Edward Jones Vs. Morgan Stanley: The Best Investment Firm

When it comes to choosing an investment firm to manage your portfolio, two of the biggest names in the industry are Edward Jones and Morgan Stanley. Both companies have been around for decades and have established solid reputations for providing financial services to individual investors.

However, there are some key differences between these firms that are worth considering when deciding which one may be a better fit for your needs. In this comprehensive guide, we will compare and contrast Edward Jones and Morgan Stanley in terms of their account offerings, advisory services, fees, customer support and more.

A Brief Comparison Table

CategoryEdward JonesMorgan Stanley
Account OfferingsBrokerage accounts, IRAs, simple investment products like stocks, bonds, mutual fundsFull brokerage accounts, managed accounts, alternative investments like hedge funds
Advisory ServicesClient-directed brokerage, advisors provide guidance but clients make decisionsOffers brokerage and discretionary portfolio management, including robo-advisor
FeesNo account minimums, commissions for trading (~$30-$100 per trade), low expense ratios (~0.5-1%)Account minimums from $5K to $100K+, asset-based wrap fees (1-2% annually)
Customer ServiceLocal offices for face-to-face service, dedicated advisor provides personalized guidanceGood service from 15K+ advisors globally, mix of in-person and digital experience
ClientsIndividual investors, smaller accountsHigh-net-worth investors, institutions, large accounts
PhilosophyLong-term, buy-and-holdMore trading, active management and alternatives

Overview Of Edward Jones

Edward Jones

Edward Jones is a full-service brokerage firm that primarily caters to individual investors. With over 19,000 financial advisors in branch office locations across the United States and Canada, Edward Jones takes a localized approach to serving clients. The company has built its reputation on providing personalized face-to-face service and advice to help clients achieve their long-term financial goals.

Here are some key facts about Edward Jones:

  • Founded in 1922 in St. Louis, MO
  • Over 7 million client accounts
  • Ranked #1 in J.D. Power customer satisfaction among full-service investment firms
  • Network of over 19,000 financial advisors
  • Advisors are located in local branch offices in communities
  • Offers brokerage accounts, IRAs, annuities, life insurance
  • Focuses on long-term, buy-and-hold investing philosophy

Overview Of Morgan Stanley

In contrast to Edward Jones, Morgan Stanley focuses on serving high-net-worth individuals, businesses and institutions. With over 15,000 financial advisors globally, Morgan Stanley offers a full suite of investment products and services.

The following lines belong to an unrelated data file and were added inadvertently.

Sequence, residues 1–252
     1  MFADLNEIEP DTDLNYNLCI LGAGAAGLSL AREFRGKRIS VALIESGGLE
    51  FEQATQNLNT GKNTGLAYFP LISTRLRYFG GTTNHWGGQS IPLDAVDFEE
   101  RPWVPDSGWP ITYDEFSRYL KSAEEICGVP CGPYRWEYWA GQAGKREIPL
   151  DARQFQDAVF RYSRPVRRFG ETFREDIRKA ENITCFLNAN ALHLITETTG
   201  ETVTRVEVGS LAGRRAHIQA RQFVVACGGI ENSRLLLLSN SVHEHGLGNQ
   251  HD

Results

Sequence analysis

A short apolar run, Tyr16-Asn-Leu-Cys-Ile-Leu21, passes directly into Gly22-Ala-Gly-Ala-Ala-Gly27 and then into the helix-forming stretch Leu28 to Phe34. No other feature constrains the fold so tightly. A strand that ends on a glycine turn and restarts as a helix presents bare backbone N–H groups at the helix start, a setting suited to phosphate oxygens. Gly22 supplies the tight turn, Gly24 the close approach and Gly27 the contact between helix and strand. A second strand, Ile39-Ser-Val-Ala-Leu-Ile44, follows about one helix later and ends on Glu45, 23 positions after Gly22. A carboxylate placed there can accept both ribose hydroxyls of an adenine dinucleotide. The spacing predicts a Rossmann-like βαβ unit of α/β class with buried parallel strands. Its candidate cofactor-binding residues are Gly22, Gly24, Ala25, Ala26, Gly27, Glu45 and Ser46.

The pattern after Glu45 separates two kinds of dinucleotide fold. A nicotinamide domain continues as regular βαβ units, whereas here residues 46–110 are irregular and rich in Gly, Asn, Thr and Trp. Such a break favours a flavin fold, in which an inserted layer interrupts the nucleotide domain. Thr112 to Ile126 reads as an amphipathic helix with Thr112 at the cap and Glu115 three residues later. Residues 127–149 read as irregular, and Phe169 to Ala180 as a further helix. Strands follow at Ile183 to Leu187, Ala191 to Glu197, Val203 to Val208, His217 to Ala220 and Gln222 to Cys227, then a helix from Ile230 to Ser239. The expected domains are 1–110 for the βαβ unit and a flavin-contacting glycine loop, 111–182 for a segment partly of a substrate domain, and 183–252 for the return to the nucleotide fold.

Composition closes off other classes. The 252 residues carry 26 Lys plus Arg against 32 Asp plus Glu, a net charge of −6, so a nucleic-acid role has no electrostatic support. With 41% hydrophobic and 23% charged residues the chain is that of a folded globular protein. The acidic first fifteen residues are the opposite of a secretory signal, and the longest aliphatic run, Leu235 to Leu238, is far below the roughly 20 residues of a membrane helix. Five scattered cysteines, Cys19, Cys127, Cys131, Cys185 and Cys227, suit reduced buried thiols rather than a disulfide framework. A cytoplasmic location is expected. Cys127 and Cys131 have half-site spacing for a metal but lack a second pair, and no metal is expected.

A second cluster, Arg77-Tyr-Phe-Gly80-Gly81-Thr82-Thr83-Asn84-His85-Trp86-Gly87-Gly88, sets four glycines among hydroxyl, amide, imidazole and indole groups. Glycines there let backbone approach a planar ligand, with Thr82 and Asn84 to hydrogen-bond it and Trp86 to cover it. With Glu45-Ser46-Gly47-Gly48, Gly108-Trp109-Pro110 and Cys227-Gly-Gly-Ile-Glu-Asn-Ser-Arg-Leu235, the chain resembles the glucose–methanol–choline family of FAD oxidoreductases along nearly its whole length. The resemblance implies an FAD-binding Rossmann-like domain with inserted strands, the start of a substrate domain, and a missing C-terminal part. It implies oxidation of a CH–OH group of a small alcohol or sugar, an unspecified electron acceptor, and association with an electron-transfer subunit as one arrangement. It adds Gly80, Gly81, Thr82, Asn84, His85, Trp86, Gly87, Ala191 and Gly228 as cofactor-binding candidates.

Here are some key facts about Morgan Stanley:

Morgan Stanley
  • Founded in 1935 and headquartered in New York
  • Over 3.5 million client accounts
  • Has major operations in over 40 countries
  • Offers brokerage accounts, managed accounts, retirement planning, etc.
  • Also provides investment banking, mergers & acquisitions advice
  • Manages over $1 trillion in client assets
  • Caters to ultra-high-net-worth and institutional investors
  • More trading-oriented investment philosophy

Now that we’ve provided a brief overview of each company, let’s compare them across some key categories:

Account Offerings

Edward Jones

  • Brokerage accounts (taxable, joint, custodial, estate)
  • Traditional and Roth IRAs
  • SIMPLE IRAs for small businesses
  • SEP IRAs for self-employed individuals -529 college savings plans
  • Annuities (fixed, variable, index)
  • Life insurance
  • Long-term care insurance
  • Mutual funds
  • Bonds (corporate, municipal, treasury)
  • Publicly traded stocks and ETFs
  • CDs

Morgan Stanley

  • Brokerage accounts
  • Managed accounts (with discretionary management by advisor)
  • Retirement accounts like IRA, Roth IRA, SEP IRA
  • Annuities
  • Mutual funds
  • ETFs
  • Individual stocks and bonds
  • Alternative investments (hedge funds, managed futures, private equity)
  • Structured products
  • Institutional services (outsourced CIO, equity trading, mergers & acquisitions)

Key Takeaways

  • Both brokers offer standard brokerage accounts and retirement accounts like IRAs.
  • Morgan Stanley offers more portfolio management services and alternative investment options for high net worth investors.
  • Edward Jones has a simpler product shelf focused on long-term buy-and-hold investors.

Also Read: Comparison Between Fisher Investments And Edward Jones.

Advisory Services

Edward Jones

  • Primarily provides client-directed brokerage services.
  • Advisors provide advice, but clients make the final decisions.
  • Advisors are primarily located in local branch offices.
  • Does not offer discretionary investment management.
  • Advisors help construct portfolios aligned to client’s risk tolerance and goals.
  • Ongoing monitoring of accounts and annual reviews with advisors.

Morgan Stanley

  • Offers brokerage services and discretionary investment management.
  • Advisors can actively manage portfolios (called Morgan Stanley Wealth Management)
  • Also offers self-directed brokerage accounts.
  • Has robo-advisor called Access Investing with automated management.
  • Dedicated portfolio management team for ultra-high-net-worth clients.